My kingdom for a hearse!
The end of Richard III’s life in 1485 is a famously gruesome affair, thanks to Shakespeare’s famously gruesome depiction of a mean old man who killed young princes and a whole lot of other people. He died naked on a battlefield, and spent more than 500 years in the ground being remembered as someone who didn’t deserve any better. Things didn’t improve when academics found his remains under a car park in 2012.
However, those who think that Richard III was a decent guy who has seen his honor horribly besmirched have a chance to make things right this week.
Around 35,000 people descended upon Leicester on Sunday to watch Richard III’s remains roll around town, and the people seeking to defend the Plantagenet king — who only ruled two years — against centuries of skeptics have been saying nice things about him whenever they get the chance.
“Let us remember King Richard III: The good king. The warrior king,” Phil Stone, chair of the Richard III Society, said during the ceremonies. A Canadian cabinet-maker who happens to be Richard III’s 16th great-nephew built the king’s new coffin, which was strewn with white roses to signify his connection to Yorkshire — whose residents happened to be very displeased that they were unable to host the long-dead monarch. Louise Hollingworth, who started a campaign to move the burial to Yorkshire, wrote on Facebook, “The more I see of the undignified, money-grabbing pantomime surrounding King Richard III in Leicester this weekend, the more incensed I become.”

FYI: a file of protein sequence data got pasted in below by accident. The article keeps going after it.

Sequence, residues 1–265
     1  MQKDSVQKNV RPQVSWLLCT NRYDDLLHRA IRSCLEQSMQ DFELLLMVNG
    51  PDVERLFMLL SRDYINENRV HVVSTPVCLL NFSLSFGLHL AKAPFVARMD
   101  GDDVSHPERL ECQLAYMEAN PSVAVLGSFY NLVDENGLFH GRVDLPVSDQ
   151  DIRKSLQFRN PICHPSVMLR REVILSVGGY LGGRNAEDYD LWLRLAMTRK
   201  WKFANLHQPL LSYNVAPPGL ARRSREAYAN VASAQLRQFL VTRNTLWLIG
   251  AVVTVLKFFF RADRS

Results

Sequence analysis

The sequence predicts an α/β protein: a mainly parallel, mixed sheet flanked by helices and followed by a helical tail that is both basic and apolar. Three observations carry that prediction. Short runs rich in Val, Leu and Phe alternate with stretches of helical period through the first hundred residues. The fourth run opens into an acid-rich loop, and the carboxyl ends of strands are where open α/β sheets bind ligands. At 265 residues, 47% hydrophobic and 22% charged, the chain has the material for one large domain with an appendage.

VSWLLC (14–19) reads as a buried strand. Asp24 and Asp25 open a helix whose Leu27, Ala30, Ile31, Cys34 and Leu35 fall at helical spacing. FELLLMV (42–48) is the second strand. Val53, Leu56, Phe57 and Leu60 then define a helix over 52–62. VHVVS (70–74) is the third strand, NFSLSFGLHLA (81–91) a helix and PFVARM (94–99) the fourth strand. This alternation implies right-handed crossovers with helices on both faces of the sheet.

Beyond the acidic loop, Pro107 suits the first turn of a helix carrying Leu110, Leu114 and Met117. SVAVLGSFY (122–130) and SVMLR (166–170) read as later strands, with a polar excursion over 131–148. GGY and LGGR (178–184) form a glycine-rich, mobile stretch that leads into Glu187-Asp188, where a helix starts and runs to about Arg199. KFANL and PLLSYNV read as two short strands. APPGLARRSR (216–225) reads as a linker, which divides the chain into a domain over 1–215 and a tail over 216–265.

Don’t call it a funeral, though. The official name for Richard III’s return to the grave on Thursday is “reinterment.” Philippa Langley — also of the Richard III Society, and one of the major voices who called for academics to search for the king’s remains — was not pleased by the decision not to give the king a state funeral. “Margaret Thatcher got a state funeral,” she told Radio Times last week, “and she was just a prime minister.”
There were plenty of people at the event who weren’t quite so invested in rehabilitating Richard III’s place in historical memory. A couple from New Zealand visiting Leicester were on their honeymoon. “We met at a funeral, so it is kind of fitting,” one of them told The Telegraph. “He seems an underdog and I feel sorry for him.” Victoria McKeown won a ticket to Sunday’s ceremony, and told CNN, “It’s a lovely way to spend a Sunday evening — not like being at home doing the ironing. It’s part of history: I can say ‘I’ve been to a king’s funeral.’”